COSY: The bedrooms have an inviting feel. The home now has three bedroom wings and three bathrooms, with one of the guest bedrooms used as a home office that overlooks the treed front garden and the parkland beyond. Photo Simone Anderson.

TUCKPOINTED FEATURE: In the ensuite, the exposed, tuckpointed brick walls of the original house are a feature wall, complemented by a marble-topped floating vanity and feature lighting. 

POINT OF DIFFERENCE: Feature walls of high-gloss, glazed bricks, one in black and one in white, are another unusual focal point that Philip says worked beautifully with the overall design. “They’ve come up really well, with a nice sharp finish.” The bricks are from the Austral Burlesque range.


The huge steel beam was carefully inserted (not without difficulty!) for structural support in the lounge. Professional styling by Ultimo Interiors, photography Emma Van Dordrecht of f22 Photography.

ROOM TO MOVE: Brian says he and his wife loved the layout. “You can actually have a lot of people living here and enjoying the outdoor areas, but without feeling like you’re all on top of each other.”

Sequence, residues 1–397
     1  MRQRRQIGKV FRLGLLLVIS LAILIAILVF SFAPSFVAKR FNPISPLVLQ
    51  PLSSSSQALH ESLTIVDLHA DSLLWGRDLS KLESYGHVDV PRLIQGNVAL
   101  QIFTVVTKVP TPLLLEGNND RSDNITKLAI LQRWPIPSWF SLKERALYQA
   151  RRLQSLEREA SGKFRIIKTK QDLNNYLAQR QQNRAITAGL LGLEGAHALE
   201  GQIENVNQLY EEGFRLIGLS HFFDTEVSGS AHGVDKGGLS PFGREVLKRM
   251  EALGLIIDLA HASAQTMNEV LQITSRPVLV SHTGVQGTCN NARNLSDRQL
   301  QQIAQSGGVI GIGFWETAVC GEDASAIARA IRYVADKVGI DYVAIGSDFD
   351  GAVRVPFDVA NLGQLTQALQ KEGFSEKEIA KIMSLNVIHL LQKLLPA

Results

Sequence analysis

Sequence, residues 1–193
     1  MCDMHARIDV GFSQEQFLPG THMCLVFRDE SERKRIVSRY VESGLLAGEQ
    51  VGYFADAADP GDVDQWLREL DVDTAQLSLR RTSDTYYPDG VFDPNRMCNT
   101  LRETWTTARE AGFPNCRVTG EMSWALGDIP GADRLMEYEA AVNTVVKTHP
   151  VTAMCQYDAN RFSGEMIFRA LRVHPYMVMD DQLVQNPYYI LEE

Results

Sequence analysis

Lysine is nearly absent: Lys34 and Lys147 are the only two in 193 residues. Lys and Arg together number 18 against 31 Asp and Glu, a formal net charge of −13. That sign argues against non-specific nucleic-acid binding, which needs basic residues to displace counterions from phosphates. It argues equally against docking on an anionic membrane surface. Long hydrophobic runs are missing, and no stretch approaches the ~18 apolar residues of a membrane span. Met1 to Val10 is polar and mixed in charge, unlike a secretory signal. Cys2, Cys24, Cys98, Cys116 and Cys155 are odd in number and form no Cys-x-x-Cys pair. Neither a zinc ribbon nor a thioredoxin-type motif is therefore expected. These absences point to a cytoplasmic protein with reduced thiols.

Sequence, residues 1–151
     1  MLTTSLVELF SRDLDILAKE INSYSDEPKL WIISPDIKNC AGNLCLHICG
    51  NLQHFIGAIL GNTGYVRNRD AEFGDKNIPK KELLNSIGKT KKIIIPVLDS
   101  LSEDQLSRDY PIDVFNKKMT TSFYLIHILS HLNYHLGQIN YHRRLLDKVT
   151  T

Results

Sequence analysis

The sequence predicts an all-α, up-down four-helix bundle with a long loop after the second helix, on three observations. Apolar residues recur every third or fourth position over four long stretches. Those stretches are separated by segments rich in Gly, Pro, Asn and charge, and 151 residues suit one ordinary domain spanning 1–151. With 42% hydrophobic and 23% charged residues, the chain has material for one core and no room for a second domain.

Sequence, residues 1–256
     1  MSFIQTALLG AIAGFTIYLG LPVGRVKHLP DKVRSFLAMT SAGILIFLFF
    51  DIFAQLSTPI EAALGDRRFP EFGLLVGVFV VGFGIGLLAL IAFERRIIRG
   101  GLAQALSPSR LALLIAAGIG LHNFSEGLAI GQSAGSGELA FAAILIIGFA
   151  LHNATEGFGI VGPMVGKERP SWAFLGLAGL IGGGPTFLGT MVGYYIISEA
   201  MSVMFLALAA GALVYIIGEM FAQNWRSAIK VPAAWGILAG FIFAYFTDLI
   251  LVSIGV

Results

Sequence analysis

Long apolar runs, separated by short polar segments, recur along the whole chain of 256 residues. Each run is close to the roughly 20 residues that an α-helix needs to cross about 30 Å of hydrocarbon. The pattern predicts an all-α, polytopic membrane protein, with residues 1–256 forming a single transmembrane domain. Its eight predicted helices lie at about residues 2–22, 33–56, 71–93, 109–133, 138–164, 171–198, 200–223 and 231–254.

ABOVE: A new double-sided Jetmaster fireplace acts as a wall divider between the living areas. Professional styling by Ultimo Interiors, photography Emma Van Dordrecht of f22 Photography.


Simone Anderson photo.


Brian and Barbara Bath


A renovated 1905-built Federation home with architect-designed extension and laser-cut wraparound screens




Claremont, Western Australia






The renowned Joe Chindarsi of Chindarsi Architects


Philip Kemp of Alliance Builders, 9228 9880


Heritage features, laser cut shade screens, veranda, leadlight entry doors and windows, swimming pool, glazed brickwork, open-plan kitchen and dining, living room, lounge, study, three bedroom wings


Styled photos from Alliance Builders, professional styling by Ultimo Interiors and photography Emma Van Dordrecht of f22 Photography, other images by Simone Anderson of Four Storey Photography